Reply To: Best use 250,000

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#135147
Dan Schointuch
Keymaster

Check out the target date retirement funds from Vanguard or Fidelity. They’re very low fee and widely diversified. Each is based on the approximate year of your expected retirement, so with an average risk tolerance, you’d probably want one of the 2015 funds like this: https://personal.vanguard.com/us/funds/snapshot?FundId=0303&FundIntExt=INT.

The funds start off aggressively, with a 90/10 split between stocks and bonds, and grow more conservative as you approach and pass retirement age. The 2015 funds are currently about 50/50 between stocks and bonds.

You can easily increase or decrease your risk by picking one of other other target dates. For example, there’s nothing stopping you from getting a 2060 target retirement fund instead, which would currently have the 90/10 stocks to bonds split, if you were ok with a lot of risk and looking for gains.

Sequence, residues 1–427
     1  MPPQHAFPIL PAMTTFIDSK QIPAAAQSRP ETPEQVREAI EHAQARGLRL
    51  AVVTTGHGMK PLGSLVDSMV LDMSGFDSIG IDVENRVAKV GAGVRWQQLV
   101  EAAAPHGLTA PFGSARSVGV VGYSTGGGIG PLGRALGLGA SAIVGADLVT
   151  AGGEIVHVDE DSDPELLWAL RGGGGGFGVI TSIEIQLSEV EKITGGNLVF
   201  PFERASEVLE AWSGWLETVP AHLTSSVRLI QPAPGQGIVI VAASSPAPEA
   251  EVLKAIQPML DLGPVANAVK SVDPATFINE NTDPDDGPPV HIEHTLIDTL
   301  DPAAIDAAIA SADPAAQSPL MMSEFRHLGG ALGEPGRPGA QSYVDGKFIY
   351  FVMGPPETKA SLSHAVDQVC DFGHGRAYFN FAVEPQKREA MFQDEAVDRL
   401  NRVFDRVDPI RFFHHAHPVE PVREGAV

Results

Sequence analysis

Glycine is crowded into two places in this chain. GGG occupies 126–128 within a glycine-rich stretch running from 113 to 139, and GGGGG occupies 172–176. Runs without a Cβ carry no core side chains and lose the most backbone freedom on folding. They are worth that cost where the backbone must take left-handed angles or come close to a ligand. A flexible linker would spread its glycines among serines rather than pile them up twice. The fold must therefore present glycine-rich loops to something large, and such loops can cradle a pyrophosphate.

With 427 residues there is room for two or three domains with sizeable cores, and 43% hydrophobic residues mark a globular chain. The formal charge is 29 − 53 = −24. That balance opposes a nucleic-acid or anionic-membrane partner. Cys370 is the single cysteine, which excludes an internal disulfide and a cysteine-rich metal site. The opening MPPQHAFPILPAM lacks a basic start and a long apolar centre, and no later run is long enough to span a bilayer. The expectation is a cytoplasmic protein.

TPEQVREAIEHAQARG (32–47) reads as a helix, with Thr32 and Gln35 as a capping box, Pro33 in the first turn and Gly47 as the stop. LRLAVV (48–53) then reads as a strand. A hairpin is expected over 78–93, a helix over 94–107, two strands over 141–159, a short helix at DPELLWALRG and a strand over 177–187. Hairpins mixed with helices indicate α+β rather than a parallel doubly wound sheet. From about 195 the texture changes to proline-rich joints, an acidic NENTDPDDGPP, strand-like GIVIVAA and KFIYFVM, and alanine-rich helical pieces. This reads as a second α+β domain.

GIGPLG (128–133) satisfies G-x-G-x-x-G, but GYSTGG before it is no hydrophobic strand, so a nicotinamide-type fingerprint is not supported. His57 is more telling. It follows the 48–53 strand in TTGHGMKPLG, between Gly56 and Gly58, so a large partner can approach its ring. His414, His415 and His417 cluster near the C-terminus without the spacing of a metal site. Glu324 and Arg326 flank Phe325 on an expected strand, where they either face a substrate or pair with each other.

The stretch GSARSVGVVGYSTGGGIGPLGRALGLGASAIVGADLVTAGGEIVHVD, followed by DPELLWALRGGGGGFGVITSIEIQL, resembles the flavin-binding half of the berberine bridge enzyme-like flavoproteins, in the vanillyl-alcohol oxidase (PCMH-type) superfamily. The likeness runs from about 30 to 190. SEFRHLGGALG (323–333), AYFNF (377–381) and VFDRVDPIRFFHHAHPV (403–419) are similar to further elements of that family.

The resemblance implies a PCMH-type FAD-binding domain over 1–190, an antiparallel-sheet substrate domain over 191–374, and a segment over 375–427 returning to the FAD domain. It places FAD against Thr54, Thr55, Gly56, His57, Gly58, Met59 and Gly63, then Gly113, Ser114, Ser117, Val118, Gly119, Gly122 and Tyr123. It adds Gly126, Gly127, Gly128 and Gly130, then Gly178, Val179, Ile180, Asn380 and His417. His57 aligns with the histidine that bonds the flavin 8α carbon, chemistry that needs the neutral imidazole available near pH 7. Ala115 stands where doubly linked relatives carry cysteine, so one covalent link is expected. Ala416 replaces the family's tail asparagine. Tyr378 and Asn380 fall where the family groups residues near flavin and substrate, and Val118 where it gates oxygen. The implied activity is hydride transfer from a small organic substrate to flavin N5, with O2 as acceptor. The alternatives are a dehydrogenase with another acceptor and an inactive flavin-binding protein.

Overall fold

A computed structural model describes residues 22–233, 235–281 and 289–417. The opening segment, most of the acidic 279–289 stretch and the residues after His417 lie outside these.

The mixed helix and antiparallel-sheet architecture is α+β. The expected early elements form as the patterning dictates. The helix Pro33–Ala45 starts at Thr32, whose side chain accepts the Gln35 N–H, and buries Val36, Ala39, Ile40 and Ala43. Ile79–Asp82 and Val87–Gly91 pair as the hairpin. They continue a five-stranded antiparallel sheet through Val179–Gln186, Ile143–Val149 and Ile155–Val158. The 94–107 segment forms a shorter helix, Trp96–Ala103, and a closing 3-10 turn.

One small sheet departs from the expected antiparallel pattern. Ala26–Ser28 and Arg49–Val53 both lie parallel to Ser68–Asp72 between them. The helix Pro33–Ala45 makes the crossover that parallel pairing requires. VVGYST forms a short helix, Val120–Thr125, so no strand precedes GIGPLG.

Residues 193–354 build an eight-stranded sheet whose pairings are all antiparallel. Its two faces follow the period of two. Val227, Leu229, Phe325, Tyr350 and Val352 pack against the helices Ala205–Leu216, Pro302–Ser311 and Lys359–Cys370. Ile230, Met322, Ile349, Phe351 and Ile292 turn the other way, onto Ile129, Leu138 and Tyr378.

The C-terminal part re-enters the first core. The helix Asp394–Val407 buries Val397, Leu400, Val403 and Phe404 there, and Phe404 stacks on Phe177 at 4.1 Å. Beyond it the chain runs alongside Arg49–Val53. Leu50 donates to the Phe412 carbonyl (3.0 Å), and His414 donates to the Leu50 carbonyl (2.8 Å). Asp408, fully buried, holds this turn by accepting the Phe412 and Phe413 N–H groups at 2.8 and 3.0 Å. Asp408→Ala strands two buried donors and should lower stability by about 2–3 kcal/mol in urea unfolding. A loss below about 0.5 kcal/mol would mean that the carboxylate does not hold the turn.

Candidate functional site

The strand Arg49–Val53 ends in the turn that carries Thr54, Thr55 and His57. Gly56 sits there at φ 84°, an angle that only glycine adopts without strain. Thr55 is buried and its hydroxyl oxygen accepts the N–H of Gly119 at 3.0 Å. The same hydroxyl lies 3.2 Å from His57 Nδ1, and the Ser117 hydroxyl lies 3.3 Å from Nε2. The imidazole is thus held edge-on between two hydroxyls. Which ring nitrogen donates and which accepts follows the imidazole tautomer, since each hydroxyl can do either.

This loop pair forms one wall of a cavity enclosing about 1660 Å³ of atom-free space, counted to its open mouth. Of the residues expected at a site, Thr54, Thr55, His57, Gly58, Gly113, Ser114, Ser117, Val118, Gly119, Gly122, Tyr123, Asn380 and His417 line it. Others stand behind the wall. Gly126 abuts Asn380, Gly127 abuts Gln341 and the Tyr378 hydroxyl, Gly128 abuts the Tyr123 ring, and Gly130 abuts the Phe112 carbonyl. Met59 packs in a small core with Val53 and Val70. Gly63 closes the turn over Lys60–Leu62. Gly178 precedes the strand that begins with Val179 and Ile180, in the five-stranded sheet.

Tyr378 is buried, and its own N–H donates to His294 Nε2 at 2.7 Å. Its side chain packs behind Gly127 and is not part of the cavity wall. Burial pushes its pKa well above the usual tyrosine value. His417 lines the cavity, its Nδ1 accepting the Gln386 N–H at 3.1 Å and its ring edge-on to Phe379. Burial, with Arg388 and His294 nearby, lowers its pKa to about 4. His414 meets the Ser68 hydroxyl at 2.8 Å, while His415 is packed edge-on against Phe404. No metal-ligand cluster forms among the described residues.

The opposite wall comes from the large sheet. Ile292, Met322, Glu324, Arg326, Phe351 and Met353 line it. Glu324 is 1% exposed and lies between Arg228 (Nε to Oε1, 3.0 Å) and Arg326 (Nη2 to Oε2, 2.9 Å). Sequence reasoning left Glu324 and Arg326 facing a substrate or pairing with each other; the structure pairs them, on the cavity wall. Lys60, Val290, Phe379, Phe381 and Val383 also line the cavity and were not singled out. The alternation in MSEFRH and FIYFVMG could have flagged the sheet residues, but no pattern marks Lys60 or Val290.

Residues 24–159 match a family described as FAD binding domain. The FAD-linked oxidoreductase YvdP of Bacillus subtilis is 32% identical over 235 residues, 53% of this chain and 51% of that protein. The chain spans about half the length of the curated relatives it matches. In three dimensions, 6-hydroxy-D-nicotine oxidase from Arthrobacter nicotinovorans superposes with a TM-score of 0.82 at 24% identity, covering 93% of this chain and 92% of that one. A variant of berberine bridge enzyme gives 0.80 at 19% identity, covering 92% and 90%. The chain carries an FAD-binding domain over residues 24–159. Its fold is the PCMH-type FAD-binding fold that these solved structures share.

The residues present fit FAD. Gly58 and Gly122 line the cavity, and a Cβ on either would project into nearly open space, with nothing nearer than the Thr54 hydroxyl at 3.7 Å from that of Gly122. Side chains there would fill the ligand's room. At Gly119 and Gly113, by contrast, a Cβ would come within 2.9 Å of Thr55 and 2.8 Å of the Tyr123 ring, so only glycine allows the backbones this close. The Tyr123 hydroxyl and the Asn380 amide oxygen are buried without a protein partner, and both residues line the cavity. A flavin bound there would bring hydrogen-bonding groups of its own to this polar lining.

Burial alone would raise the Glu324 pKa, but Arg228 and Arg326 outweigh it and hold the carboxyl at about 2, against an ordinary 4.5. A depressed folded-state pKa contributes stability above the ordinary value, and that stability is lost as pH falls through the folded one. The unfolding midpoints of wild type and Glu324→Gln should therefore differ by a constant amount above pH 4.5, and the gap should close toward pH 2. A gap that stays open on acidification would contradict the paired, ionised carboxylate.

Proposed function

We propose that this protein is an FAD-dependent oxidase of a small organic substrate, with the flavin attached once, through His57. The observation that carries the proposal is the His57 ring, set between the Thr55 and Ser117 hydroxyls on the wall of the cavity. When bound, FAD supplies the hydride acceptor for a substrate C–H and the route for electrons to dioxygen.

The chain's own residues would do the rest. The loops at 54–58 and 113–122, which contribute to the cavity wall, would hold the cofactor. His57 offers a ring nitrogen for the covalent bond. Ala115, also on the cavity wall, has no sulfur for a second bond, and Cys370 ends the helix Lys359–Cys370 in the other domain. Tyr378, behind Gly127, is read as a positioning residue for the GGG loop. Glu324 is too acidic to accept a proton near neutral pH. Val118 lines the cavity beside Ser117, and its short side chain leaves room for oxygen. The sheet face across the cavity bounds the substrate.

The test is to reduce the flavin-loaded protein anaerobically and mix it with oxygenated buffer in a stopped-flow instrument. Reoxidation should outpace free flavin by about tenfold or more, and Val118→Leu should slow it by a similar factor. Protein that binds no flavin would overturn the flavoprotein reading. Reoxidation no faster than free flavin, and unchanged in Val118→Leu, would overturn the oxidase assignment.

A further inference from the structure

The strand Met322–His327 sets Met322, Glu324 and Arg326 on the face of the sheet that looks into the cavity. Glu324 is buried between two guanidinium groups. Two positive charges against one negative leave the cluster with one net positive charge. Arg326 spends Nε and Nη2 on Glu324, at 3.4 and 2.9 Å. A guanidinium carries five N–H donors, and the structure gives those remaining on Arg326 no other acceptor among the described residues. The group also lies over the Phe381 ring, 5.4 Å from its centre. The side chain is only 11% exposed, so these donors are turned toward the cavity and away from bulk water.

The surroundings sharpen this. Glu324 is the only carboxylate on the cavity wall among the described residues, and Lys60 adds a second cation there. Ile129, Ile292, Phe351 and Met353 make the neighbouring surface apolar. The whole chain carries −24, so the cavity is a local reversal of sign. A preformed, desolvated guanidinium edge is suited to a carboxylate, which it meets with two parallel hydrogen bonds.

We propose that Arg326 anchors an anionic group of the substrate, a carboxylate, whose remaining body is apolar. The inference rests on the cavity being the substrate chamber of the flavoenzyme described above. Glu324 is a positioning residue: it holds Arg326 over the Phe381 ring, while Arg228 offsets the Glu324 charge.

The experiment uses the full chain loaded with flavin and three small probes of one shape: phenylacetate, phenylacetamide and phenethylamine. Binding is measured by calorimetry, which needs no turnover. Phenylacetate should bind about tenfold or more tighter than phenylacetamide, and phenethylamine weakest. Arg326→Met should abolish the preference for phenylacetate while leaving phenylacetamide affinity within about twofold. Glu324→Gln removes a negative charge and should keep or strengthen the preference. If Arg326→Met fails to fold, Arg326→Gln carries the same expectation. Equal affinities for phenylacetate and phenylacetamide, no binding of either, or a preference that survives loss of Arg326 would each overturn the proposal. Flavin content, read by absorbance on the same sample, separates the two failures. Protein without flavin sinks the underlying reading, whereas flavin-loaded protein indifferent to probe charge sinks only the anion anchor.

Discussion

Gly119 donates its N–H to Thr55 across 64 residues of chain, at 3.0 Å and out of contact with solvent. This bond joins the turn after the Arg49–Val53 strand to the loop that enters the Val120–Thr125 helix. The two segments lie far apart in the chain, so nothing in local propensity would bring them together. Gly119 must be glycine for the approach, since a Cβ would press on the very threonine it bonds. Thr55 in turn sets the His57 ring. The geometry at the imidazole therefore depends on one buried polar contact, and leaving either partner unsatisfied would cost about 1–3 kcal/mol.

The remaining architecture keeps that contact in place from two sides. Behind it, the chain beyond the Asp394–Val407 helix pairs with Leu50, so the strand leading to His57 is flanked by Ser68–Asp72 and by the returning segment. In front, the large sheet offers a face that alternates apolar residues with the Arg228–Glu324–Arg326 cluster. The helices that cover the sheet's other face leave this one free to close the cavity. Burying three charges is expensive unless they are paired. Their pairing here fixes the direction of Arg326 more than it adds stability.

Or you can get one that no longer has a date and is labeled something like “income”, for investors already in retirement and looking for less risk, like this one: https://personal.vanguard.com/us/funds/snapshot?FundId=0308&FundIntExt=INT#tab=2 It’s currently 30/70 stocks to bonds.

If you want absolutely no risk at all with the freedom to withdraw at any time, then you’d want an FDIC insured savings account. Ally.com offers almost 1% interest on theirs. But the limit on FDIC insurance is $250,000, so you may have to put some of your money in a different account at a different institution to keep it all insured.